By: Michael Hudak | WCTV Eyewitness News
January 17, 2019
TALLAHASSEE, Fla. (WCTV) -- Everyone has a story. Everyone has something that they struggle with. Everyone has something that they want to overcome.
Life was simple for Lee Jamieson. He was a multi-sport athlete in high school, with a potential scholarship to the Marines on the horizon.
"I played football junior and senior year of high school," Jamieson said. "I did weight training on my own. I did cross fit on my own."
He had no idea that his fitness journey would be one filled with twists, turns and speed bumps.
Flash back to December of 2013. Lee was entering his final semester of high school.
"I went on a skiing trip with my college group at church," Lee said. "I had a good day (on the slopes), and I went for one last run. I was going down the hill, getting a little too fast."
Lee's eyes light up, as if he was re-living the moment.
"I tried to stop myself, but my ski got caught in the snow," Lee said. "It threw me into a frozen snow drift."
Life would never be the same.
"I hit my head and my shoulder," Lee said. "It unplugged all the nerves from my spinal chord."
Lee suffered permanent nerve damage, with permanent implications.
"I knew that it was bad enough that I probably wouldn't be able to become a Marine," Lee said. "Honestly, that was on my mind more-so than the injury."
The road to recovery started with a decision.
"Just seeing that I wasn't going to get anywhere near where I wanted to be with this, I looked at it as this was basically just an anchor for me," Lee said. "It was holding me down. It was keeping me from things that I wanted to do."
Lee made the decision to amputate his right arm. It closed many doors, but opened many more.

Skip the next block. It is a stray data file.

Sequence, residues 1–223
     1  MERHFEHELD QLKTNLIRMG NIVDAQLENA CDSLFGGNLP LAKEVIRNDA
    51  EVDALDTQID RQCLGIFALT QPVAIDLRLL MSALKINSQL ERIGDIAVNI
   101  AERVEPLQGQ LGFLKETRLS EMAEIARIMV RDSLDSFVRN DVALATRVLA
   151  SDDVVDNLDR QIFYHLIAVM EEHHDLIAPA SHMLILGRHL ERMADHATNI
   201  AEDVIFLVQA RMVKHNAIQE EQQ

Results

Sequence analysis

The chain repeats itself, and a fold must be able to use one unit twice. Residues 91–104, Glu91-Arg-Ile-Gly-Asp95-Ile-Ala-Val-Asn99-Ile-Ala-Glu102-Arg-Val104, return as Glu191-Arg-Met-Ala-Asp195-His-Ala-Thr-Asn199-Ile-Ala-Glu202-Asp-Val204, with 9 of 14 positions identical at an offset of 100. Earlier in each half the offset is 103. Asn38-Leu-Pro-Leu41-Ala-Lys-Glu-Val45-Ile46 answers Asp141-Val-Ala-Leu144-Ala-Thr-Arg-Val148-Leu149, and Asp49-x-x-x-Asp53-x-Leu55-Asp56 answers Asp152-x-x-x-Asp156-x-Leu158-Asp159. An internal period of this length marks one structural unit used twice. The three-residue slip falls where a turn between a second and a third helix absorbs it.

"Every time I had a surgery, that was my first question to the doctors," Lee said, as his eyes lit up. "When can I get back to it? When can I get back to the gym?"
That time would come sooner than you think.
"As soon as I was able to, I was right back in it," Lee said. "Trying to figure out how to do everything completely isolated on the left side. Whatever I can do, as much as I can do it."
Flash forward to now, Lee has made unprecedented strides at Gold's Gym in Tallahassee. He takes a quick break to talk in between sets, defying the odds with every single workout.
"It's just hard to hold on to the weight," Lee says, cracking a smile. "But, I love this. It's what I live for."
In November, Lee hit a personal record 315-pound dead lift with one arm.
"You basically have a choice," Lee said, with a look of determination. "You can just give up and let your injury define you. That's not me. That's not what I wanted to do. This is what I love and I'm not going to let this stop me from doing what I love."
It all starts with a decision.
"Just keep what you love more important than anything that's trying to tear you down," Lee said with a smile. "You'll come out on top."